To provide all residents of and visitors to Sullivan County with professional, expedient and efficient 911 dispatch services for all fire, EMS and police emergency calls.
To answer all non-emergency calls promptly, professionally and courteously and either resolve the callers issue or refer the caller to the appropriate person or agency that can resolve the issue.
How 911 Works In Sullivan County
Most of us take this important task for granted; a guarantee that someone else will be there on the other end of the phone, ready to help at a moment's notice. As simple as it may seem, the system of 911 is very sophisticated. Lets take a look at what happens when you call.
Most phones have the capability to dial into 911. When you dial into 911:
- The signal goes to the phone company's database.
- There, it finds out the information that you supply the phone company when you start your service. This is why it is important to update your address record with your phone company if or when you move.
- Then your signal, along with the address information, is sent to us in the form of Automatic Name and Location information (ANI/ALI).
Sullivan County 911 is also Phase II compatible with all major cellular telephone companies. This means, after ten seconds we can send a signal to your phone to request your GPS coordinates. With most cellular carriers we can determine your location to within about 50 feet.
The Telecommunicator answering your 911 call is highly trained and determines the type of service needed using a proven and efficient interview process. They provide initial help if necessary and then immediately dispatch the appropriate emergency agency to assist you. In many cases while one telecommunicator is on the phone with you, another is already dispatching help to your location. Sullivan County 911 dispatches 40 fire companies, 16 ambulance services and 10 Law Enforcement agencies to emergency calls.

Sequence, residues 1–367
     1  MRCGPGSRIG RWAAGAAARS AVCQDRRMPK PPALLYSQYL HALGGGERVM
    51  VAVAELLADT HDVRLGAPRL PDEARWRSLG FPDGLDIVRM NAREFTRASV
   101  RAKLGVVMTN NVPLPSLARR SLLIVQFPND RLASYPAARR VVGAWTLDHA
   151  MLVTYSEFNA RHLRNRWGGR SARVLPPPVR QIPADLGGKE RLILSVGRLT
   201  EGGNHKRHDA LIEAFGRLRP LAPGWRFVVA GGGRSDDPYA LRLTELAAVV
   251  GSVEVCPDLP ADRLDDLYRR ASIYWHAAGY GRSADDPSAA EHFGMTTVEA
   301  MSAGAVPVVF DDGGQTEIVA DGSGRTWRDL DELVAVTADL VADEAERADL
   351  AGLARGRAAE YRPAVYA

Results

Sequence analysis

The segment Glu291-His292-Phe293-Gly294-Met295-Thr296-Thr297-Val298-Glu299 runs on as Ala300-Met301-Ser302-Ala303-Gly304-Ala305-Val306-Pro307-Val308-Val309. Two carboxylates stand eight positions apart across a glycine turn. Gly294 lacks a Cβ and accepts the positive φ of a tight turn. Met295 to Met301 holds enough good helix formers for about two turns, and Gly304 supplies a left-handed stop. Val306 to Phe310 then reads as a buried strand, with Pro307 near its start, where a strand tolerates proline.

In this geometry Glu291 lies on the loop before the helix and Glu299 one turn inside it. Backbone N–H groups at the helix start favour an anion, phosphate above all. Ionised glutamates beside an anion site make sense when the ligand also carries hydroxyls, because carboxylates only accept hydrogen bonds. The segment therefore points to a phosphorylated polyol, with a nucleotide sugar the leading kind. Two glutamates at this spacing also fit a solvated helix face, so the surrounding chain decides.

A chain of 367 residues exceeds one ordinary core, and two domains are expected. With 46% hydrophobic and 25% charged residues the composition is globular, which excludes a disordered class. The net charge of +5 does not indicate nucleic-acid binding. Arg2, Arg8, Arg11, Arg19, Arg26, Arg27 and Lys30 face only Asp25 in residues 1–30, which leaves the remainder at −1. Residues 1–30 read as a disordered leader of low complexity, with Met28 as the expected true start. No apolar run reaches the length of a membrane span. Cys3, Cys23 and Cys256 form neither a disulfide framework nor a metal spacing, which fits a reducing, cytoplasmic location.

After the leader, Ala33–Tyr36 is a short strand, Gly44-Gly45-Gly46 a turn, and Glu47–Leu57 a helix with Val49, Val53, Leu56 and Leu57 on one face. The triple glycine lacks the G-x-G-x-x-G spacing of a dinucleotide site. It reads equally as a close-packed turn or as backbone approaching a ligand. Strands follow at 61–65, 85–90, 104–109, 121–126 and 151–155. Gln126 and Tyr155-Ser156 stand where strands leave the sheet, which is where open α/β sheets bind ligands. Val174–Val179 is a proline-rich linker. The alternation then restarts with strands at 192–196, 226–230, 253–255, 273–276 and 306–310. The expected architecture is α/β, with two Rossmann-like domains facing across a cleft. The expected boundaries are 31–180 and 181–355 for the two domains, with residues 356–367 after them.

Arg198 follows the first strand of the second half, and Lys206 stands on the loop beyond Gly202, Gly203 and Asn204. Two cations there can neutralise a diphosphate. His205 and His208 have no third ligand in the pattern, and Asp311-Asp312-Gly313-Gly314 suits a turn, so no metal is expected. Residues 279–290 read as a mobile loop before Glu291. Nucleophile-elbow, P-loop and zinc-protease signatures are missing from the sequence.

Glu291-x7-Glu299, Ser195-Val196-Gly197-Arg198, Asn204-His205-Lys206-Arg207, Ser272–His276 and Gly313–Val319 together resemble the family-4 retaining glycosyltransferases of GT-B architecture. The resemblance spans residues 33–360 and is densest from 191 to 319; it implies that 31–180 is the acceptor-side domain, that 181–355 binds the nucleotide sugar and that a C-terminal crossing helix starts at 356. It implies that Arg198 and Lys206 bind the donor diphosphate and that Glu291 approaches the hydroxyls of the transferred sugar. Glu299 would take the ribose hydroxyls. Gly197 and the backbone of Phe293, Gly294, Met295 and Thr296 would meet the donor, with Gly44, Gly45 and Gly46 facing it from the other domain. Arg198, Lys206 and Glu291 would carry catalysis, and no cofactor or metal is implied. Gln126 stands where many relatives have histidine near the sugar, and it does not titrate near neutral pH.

911 is the first link in the medical survival chain, providing Pre-Arrival instructions to callers with a medical emergency. Critical procedures such as CPR, airway management and childbirth, just to name a few, can be started before more advanced help arrives.
The Telecommunicator uses a Computer Aided Dispatch terminal. Together with a computer based telephone interface, information about the caller's location and phone number is available for verification by the Telecommunicator. At the same time sophisticated mapping software plots your location on a map along with aerial imagery and other map data.
A Telecommunicator is a public safety employee who asks questions to determine the who, what, where, how and why (as well as the what should/can/might be done) in a multitude of circumstances, in which the caller often mistakenly assumes that the answers are obvious. The Telecommunicator knows that action taken based on incomplete or inaccurate information can endanger callers, victims and the responders.
That is why he or she must make sure answers to questions are clear, complete and precise. If an answer is "far," for example, the Telecommunicator must ask: "how far?" If an altercation is at the "door," the Telecommunicator must ask: "Which door?" and "How many doors are there?" You can help by being as precise and exact as possible when providing information during a 911 call.
Once the Telecommunicator has the necessary details they will let you know when you can hang up. Depending on the circumstances, the telecommunicator may remain on the phone with you until help arrives.
Please be aware, there are sometimes calls made to 911 which are NOT considered to be emergencies. It is important to review examples of inappropriate calls to prevent tying up emergency lines
APCO - Association of Public-Safety Communications Officials-International, Inc.
NENA - National Emergency Number Association
New York State 911 Coordinators Association
FCC - Federal Communications Commission